Another airlines greenwashing caught out by courts once again

  • Post last modified:April 3, 2024
  • Reading time:6 mins read

An environmental non-profit has put another European airline in the hot-seat over its greenwashing – and once again won in court. It was a another damning nail in the coffin for dubious offsetting solutions to the climate crisis.

Airlines greenwashing – as usual

On 28 March, climate non-profit Deutsche Umwelthilfe (DUH) won a case against airline Eurowings in the Cologne Regional Court in Germany.

Specifically, DUH was calling the airline out over its misleading sustainability claims. The company had been advertising that some of its flights were “CO2-neutral” because it “offsets” these. Accordingly, customers could pay a few euros to “offset” their emissions.

Eurowings uses an offsetting calculator to offer its passengers the opportunity to make their flights supposedly “CO2-neutral” by making a small financial contribution to forest protection and cooking stove projects.

However, the court ruled that the forest protection projects it used for the alleged offsetting are not suitable for achieving actual compensation. In particular, it found that forest projects cannot be operated for the same length of time as the carbon emitted by the flight remains in the atmosphere.

Previous research has rubbished airline’s offsetting claims. For instance, a 2021 investigation by Greenpeace Unearthed and the Guardian revealed that major airlines’ carbon neutral claims could not be verified. Notably, it investigated multiple forest carbon offset projects and found that:

despite multiple audits the reduced deforestation offsetting schemes used to justify eye-catching promises of carbon neutrality and guilt-free flying cannot prove they have produced enough carbon savings to justify these bold claims.

Responding to the new ruling, federal managing director of DUH Jürgen Resch said that:

the Cologne Regional Court has fully confirmed our legal opinion. An airline that pretends to offer its customers ‘CO2-neutral’ flights for a few euros more is acting in a highly misleading manner if it uses forest protection projects that are only secured for a few years.

With this trickery, Eurowings is trying to divert attention from the climate-damaging nature of its business model. The compensation projects that supposedly protect the forest are not suitable for neutralising the greenhouse gas emissions caused by the flights.

Air travel industry losing court battles all round

Naturally, Eurowings isn’t the first airline climate organisations have taken to task, either. In fact, some have just recently had their false climate solution comeuppance in the courts.

As the Canary’s Steve Topple reported in March, courts delivered damning and decisive verdicts against two other European air travel companies.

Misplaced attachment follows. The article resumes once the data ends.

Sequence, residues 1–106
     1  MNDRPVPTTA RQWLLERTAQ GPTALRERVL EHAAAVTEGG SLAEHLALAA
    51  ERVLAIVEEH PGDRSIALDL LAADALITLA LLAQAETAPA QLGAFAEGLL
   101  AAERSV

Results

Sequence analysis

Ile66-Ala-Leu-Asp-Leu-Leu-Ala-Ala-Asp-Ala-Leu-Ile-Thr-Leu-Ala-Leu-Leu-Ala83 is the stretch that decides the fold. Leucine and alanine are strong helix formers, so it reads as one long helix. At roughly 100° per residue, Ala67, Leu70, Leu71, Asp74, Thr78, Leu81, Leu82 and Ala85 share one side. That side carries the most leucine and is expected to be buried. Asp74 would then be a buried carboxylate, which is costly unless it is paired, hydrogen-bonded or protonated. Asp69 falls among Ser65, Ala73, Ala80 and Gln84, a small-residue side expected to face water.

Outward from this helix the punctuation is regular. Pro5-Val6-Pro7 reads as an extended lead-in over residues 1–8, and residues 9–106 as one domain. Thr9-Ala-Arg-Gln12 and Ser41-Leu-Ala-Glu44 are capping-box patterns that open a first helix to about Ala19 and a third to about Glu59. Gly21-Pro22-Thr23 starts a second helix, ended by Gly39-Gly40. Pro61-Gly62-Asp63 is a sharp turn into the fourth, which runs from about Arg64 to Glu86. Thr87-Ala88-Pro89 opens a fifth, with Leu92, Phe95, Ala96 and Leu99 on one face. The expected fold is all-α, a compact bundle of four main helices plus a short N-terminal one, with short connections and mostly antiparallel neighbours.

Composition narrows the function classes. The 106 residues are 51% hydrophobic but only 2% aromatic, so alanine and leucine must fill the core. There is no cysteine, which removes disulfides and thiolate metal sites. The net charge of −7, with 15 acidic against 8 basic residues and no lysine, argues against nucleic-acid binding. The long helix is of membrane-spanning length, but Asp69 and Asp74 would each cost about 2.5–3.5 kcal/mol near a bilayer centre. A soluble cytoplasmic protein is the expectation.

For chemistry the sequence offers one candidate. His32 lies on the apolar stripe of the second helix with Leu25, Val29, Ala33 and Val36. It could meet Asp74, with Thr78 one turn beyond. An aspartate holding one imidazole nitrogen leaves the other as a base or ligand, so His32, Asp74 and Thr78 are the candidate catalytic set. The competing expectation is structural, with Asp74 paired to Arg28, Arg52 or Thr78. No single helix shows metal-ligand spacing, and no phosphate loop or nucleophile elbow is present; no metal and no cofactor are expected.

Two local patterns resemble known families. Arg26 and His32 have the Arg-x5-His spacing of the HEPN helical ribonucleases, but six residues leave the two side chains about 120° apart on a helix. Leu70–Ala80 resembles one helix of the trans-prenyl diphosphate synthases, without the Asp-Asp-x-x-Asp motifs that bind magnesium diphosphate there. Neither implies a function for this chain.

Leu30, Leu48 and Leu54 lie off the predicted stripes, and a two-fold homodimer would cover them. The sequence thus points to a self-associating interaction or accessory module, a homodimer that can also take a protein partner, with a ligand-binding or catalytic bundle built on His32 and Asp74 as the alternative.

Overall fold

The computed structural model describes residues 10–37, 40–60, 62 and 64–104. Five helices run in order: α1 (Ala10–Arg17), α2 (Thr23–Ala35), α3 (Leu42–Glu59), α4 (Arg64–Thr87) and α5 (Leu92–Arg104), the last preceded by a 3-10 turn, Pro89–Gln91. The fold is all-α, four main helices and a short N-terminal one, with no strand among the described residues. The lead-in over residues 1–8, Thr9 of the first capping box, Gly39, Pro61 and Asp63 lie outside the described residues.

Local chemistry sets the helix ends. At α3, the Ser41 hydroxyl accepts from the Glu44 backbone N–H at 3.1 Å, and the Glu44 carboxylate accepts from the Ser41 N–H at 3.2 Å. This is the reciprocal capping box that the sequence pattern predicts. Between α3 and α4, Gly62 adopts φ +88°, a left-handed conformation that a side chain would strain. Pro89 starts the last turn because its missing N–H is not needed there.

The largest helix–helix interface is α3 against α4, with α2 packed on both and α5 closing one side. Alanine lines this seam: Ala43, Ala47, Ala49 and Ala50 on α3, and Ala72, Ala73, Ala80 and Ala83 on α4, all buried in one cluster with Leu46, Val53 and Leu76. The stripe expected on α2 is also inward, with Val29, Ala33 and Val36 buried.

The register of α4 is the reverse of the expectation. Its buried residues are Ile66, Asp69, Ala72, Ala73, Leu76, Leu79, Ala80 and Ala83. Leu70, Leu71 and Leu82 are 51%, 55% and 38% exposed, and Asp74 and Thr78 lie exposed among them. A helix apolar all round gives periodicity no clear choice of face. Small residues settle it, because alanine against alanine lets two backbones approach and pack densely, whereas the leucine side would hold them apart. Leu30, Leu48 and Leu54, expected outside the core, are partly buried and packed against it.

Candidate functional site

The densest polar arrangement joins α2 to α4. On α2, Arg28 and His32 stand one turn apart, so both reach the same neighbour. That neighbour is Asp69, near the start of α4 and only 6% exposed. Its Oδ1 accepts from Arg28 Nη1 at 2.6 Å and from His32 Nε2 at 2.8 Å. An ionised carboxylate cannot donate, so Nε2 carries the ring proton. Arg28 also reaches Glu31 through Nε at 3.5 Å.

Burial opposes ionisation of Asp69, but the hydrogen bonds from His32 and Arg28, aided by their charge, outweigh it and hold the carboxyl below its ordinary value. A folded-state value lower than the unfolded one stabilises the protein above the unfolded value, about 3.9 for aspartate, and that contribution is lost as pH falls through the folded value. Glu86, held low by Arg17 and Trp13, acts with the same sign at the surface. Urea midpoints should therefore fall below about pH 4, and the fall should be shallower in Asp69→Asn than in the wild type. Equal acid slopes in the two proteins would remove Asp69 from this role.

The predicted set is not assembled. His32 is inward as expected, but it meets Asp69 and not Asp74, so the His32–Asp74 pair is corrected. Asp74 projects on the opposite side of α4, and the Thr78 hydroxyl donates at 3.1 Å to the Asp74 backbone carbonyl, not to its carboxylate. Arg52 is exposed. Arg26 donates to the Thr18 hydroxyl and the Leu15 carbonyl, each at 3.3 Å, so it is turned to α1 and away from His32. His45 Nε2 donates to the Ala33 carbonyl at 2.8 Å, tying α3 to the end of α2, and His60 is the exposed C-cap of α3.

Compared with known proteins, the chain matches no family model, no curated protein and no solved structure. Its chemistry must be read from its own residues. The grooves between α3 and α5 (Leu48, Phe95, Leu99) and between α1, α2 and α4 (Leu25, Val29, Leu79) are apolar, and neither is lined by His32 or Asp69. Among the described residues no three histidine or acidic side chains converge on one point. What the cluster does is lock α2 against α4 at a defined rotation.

First, on 20 March a Dutch court ruled that the Dutch airline KLM had misled customers with its green claims.

Previously in 2020, the Dutch advertising regulator had ordered KLM  to change advertisements that misleadingly implied up to a 50% usage of so called “Sustainable Aviation Fuel” (SAF). In reality however, its biofuel only accounted for 0.18% of the airline’s fuel use in 2019.

So Fossielvrij NL (Fossil-free Netherlands) took the big polluter to court over its greenwashing advertisements. As Topple explained:

Most of the adverts were part of KLM’s “Fly Responsibly” campaign, which the airline says is an “awareness campaign”. They range from general statements such as “join us in creating a more sustainable future” to declarations about KLM’s use of Sustainable Aviation Fuel (SAF), described as a “promising solution”.

Then, coinciding with this on 20 March, another Dutch court separately ruled that Schiphol airport would need to limit the number of flights it schedules.

You can’t “fly greener”

Invariably, courts and regulators have previously found multiple other airlines guilty of greenwashing.

In 2020, the UK’s advertising watchdog the Advertising Standards Authority (ASA) banned a Ryanair advert claiming it was the UK’s lowest-emissions airline.

Meanwhile, an advert by Qatar Airways at the UEFA Euros 2020 football tournament suggested without any evidence that it could help passengers “Fly Greener”. So, anti-corporate advertising group AdBlock Bristol called for the UK’s ASA to crack down on its greenwashing.

Following this, the Austrian Advertising Council reprimanded Austrian Airlines in 2022. In this instance, the airline had promoted misleading advertisements about “CO2-neutral” flying. After that, a consumer rights group took the company to court in 2023 and of course won against its misleading claims.

Then, in 2023 the Netherlands Authority for Consumers and Markets (ACM) conducted an investigation into offsetting claims in the airline industry. From this, it accused Ryanair of using misleading sustainability claims.

It goes to show that big airline polluters won’t clean up their act voluntarily. However, campaigners can – and will – force them to stop their blatant greenwashing through the courts.

Spokesperson for aviation monitoring group Stay Grounded network Magdalena Heuwieser said of the news on the Eurowings ruling:

Offsets are a licence to pollute. They legitimise business as usual, don’t work, and can lead to new injustices. The industry cannot buy itself out of the necessity to reduce flights. Greenwashing is a major obstacle to the changes that need to happen to counter climate collapse. The sad truth is that the only green plane is the one that stays on the ground.

Feature image via Lasse B/Wikimedia, cropped and resized to 1200 by 900, licensed under CC BY-SA 2.0

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